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Palo Alto, CA, Feb. 9, 2017 – On Wednesday, January 25 students from Gideon Hausner Jewish Day School welcomed Jeff Rosen, Santa Clara County District Attorney into their classroom to discuss what it means to have a peaceful city and how they can work from this model once they are grown. Last week, architect Randy Popp, AIA spoke with the students about how to design buildings, and on Friday, Feb. 3, Karen Alter spoke to the class about electric cars, car design and public transit. Following their study of Ezra Jack Keats and Martin Luther King, Jr., along with the input from their distinguished visitors, Hausner kindergartners worked on designing and building their own peaceful city, which they call Ir Shalom, or City of Peace.
David Zimand, Head of School welcomed parents to Ir Shalom at today’s ribbon cutting ceremony and noted, “Being crowded together as we wait to cut the ribbon for Ir Shalom gives us a nice reminder of what our tradition teaches us: that in peaceful places, we have room for everyone, even when we feel crowded.” The children and parents together explored the cardboard city, which included roadways, traffic signs, grocery stores, apartment buildings and more – all following standard city guidelines.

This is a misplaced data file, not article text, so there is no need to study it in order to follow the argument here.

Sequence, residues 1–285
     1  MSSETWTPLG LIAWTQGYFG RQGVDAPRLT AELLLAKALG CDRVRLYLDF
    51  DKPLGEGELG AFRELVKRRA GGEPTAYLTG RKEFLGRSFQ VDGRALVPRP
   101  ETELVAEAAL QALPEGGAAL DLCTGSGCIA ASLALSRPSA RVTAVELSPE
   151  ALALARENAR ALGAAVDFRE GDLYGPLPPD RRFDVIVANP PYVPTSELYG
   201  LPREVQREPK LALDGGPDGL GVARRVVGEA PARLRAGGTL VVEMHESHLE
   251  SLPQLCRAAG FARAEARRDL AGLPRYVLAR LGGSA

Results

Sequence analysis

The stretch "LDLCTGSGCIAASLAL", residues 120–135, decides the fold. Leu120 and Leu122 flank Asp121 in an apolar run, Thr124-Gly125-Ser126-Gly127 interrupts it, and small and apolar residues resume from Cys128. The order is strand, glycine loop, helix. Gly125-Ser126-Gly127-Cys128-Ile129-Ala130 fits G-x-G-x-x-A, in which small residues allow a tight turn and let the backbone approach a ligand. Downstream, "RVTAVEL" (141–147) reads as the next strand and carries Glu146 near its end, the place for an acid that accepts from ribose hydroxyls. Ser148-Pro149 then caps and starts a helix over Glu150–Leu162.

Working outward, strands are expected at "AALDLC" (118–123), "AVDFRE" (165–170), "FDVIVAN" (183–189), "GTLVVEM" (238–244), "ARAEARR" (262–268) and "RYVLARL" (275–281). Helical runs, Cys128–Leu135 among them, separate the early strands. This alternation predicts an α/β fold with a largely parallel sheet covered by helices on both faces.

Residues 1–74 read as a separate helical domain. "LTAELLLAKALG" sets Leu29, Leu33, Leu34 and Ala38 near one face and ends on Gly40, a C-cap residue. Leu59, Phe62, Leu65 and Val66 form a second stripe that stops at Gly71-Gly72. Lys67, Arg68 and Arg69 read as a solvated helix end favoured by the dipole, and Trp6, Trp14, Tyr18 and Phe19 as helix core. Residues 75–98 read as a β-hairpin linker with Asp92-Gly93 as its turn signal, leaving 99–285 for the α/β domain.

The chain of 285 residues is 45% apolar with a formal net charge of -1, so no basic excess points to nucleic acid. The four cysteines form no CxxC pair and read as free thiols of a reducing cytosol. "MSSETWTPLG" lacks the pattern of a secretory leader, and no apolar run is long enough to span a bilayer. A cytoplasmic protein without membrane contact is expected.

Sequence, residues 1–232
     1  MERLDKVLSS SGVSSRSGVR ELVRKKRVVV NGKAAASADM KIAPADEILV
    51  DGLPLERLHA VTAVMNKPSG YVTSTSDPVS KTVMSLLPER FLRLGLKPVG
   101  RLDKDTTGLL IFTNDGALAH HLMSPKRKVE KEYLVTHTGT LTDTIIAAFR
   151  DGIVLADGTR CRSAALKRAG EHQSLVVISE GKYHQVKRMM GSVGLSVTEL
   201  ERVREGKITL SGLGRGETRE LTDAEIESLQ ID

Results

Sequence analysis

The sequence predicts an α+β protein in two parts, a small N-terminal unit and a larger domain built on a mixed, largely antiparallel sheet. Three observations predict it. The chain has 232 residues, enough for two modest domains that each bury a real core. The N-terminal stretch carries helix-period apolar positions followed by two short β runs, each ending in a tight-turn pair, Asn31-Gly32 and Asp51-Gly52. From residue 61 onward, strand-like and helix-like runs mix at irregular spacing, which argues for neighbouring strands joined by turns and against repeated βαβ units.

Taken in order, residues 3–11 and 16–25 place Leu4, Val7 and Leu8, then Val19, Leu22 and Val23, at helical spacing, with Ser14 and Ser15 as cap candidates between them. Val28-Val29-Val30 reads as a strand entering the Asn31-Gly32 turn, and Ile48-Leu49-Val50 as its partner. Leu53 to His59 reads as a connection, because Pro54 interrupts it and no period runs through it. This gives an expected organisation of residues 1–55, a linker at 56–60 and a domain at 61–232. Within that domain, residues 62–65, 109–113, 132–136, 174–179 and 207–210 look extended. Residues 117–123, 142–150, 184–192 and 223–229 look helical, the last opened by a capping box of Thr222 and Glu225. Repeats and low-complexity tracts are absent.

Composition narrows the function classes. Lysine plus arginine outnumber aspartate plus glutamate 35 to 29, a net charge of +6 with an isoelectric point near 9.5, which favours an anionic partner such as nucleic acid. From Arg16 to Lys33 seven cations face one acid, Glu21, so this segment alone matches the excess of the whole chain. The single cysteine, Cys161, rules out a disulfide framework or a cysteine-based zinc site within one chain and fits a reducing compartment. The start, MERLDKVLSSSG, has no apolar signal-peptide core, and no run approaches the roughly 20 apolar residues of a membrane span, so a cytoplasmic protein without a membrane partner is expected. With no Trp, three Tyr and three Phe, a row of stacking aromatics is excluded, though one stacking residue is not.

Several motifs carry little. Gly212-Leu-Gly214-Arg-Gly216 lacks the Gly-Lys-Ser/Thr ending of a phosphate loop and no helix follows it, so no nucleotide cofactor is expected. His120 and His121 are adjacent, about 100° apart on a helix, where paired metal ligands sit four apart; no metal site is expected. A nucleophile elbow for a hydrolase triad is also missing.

Students apply math, design, and creative skills to construct buildings, vehicles and city signs. This Project-Based Learning (PBL) model allows students to develop practical life skills through investigation, research and decision-making.